It’s Time for a Technological Takeover in the Legal Marketplace

February 21, 2022

New technologies constantly push the boundaries of what can be achieved in a smaller amount of time. From taking notes the “old fashioned way” with a pen and paper to recording meetings which are then digitally converted to text using, technological advances have fueled the efficiency of law firms globally. Although some lawyers are quick to change, it is not uncommon to find seasoned attorneys with padfolios taking notes while their younger counterparts have fully embraced digitization in the legal market.

Law professor, attorney, and expert on the interaction between law and technology, Dr. Bruno Mascello, attributes the existing technological gap to a “gradual introduction of legal tech and AI” which he believes will proceed in seven steps. Although Dr. Mascello attributes a paradigm shift towards technology to multiple steps, I believe his seven steps are more like seven criteria necessary for technological implementation. Focusing on Dr. Mascello’s steps necessary for a digital transformation, I have expanded his thoughts into three distinct criteria for a “digital revolution” to be ripe within the US legal market.

First, digital transformation will require governmental intervention. Internationally, in the EU, the GDPR acts as a method of government exercising its authority over the digital marketplace. Various other countries around the world have implemented similar laws, and the US could be next. Given the overwhelming national support for the internet of things and demand for faster answers to legal questions, the federal government (legislative, judiciary, and executive branches) will likely institute laws which target digital challenges. Some of these challenges include data protection and cyber security, ESG concerns, and IP issues. As laws are established to combat these issues, the legal field will become open to digital development.

Second, customers and attorneys will need to demand efficiency. Since the creation of online legal databases, consumers of legal advice and attorneys alike have grown accustomed to faster and more efficient answers. As digitization increases (after challenges are addressed via governmental intervention), so will demand for efficiency from customers.

Third, as services become faster and consumer demand develops, legal departments must manage their resources appropriately. These resources will include technical support and subscription services to electronic databases and various other digital tools. Organization is critical for digitization in the legal sphere because there are so many people and places for information to get lost from paralegals and attorneys to third-party service providers across borders. Each of these criteria focus on the main drivers of development within the legal community: the government, consumers and attorneys, and the availability of reliable information. The government­—through statutes and regulations—sets standards which can open the door for new technologies to step in and fill the gaps in efficiency. Customers and attorneys demand for better services, which puts pressure on companies to create new tools to fill in the efficiency gaps. Lastly, once gaps close in reliable resource management infrastructure, technology will be able to soar in the legal field without fear of lost data and loss of efficiency.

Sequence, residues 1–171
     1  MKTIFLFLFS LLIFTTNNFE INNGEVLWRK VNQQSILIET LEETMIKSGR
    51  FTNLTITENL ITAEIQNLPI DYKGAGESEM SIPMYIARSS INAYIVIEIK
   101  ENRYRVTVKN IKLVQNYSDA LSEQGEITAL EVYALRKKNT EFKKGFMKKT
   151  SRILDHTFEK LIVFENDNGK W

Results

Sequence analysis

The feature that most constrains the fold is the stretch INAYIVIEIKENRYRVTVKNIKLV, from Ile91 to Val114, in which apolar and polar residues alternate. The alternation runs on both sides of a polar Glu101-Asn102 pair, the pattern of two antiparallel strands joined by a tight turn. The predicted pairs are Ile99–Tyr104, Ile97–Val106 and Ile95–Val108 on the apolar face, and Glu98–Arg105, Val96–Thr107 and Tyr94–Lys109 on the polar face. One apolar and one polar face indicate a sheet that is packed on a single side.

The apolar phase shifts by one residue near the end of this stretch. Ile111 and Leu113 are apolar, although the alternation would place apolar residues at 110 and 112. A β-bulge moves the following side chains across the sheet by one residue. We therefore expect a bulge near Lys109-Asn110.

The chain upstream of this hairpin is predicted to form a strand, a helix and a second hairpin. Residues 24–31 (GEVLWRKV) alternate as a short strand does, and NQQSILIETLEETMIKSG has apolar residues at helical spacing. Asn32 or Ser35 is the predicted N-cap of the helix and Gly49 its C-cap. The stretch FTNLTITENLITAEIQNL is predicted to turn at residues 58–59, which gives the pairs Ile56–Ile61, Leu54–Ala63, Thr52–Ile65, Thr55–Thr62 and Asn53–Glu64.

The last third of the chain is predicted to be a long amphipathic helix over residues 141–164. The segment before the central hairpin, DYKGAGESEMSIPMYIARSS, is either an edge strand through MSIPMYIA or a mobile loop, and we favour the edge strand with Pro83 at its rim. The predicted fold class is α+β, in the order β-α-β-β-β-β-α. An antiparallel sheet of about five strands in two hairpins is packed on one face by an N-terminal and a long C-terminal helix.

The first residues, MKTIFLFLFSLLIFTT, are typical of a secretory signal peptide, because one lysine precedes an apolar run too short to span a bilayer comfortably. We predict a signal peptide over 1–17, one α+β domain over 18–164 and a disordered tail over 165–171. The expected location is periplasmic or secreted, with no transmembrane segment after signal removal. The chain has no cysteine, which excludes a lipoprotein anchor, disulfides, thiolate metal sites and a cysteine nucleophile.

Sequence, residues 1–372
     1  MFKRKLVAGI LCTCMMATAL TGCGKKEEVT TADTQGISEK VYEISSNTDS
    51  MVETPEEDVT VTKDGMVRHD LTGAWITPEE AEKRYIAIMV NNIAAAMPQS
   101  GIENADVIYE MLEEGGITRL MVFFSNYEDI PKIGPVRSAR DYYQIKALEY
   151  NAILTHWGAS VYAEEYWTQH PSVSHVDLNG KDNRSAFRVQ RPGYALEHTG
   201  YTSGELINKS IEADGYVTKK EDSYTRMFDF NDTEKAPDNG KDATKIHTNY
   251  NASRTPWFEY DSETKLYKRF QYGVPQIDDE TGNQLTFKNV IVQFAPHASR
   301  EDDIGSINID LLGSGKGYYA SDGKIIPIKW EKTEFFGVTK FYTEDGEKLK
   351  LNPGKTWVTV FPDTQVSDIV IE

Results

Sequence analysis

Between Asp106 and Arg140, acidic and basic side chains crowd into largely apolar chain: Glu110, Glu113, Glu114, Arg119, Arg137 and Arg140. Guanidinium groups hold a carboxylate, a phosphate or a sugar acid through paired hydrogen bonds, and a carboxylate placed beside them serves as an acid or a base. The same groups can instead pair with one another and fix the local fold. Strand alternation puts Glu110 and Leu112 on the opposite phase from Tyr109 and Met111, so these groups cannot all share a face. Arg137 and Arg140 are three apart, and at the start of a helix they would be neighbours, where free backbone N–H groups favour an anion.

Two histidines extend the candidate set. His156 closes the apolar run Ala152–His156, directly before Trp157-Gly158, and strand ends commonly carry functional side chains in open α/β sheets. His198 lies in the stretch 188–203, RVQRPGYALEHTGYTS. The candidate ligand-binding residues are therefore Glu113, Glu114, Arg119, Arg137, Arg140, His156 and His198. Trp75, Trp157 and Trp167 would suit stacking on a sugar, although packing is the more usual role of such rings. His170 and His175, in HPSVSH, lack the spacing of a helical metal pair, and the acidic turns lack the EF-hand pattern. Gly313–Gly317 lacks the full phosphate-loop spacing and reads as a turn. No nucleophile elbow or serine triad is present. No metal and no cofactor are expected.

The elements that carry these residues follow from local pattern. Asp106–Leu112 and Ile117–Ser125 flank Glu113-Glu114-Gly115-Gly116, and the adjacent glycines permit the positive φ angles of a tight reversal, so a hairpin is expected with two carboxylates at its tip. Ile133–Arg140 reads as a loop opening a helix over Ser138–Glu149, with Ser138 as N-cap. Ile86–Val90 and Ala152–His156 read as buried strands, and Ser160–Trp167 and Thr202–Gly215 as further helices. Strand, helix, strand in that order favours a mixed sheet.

At its core, digitization is rooted in efficiency. As new attorneys who grew up in a more digital, efficient environment enter the workforce bringing average age of lawyers down from forty-eight, demand for digitization will increase—which, in turn, will put pressure on the government and resource management to get their acts together.

This is a feedback loop–as technology changes and gets adopted, it puts pressure on the three drivers causing the whole cycle to start again and again, resulting in a better, more efficient, and more digitally savvy practice of law.

Once each of the three conditions are met, the digitization of the legal workplace will be able to spread. But, what are some of these digital tools? They can range from firm-wide management programs to individual note taking tools. For example, as efficiency and technology become increasingly important, programs to like Clio which utilizes API and other means to automate almost all aspects of a firms organization including tracking cases, calendars, and hours billed. As for tools to be used by attorneys in their everyday lives, attorneys could use software like Casetext or Ravel law which, using artificial intelligence, can find caselaw that is applicable based on an uploaded brief/document or how judges have previously ruled on similar topics. Of course, as the legal field becomes increasingly reliant upon technology, new laws will need to develop to protect consumers’ rights and privacy; consumers and lawyers will, again, demand more efficiency/automation; and law firms will have to better manage information and networks. This then feeds back into the pattern where we currently sit. As you can see, this is a feedback loop; as technology changes and gets adopted, it puts pressure on the three drivers as discussed, causing the whole cycle to start again and again, resulting in a better, more efficient, and more digitally savvy practice of law.

Jared A. Mark

Jared is a second-year law student from Raleigh, NC. He graduated from Appalachian State University with a B.S. in Political Science in 2020. Besides writing for the North Carolina Journal of Law and Technology, Jared is involved with the CEProgram, Moot Court, the Conservation and Agricultural Law Federation, and his internship with the U.S. Coast Guard JAG. See Jared’s previous blog post here.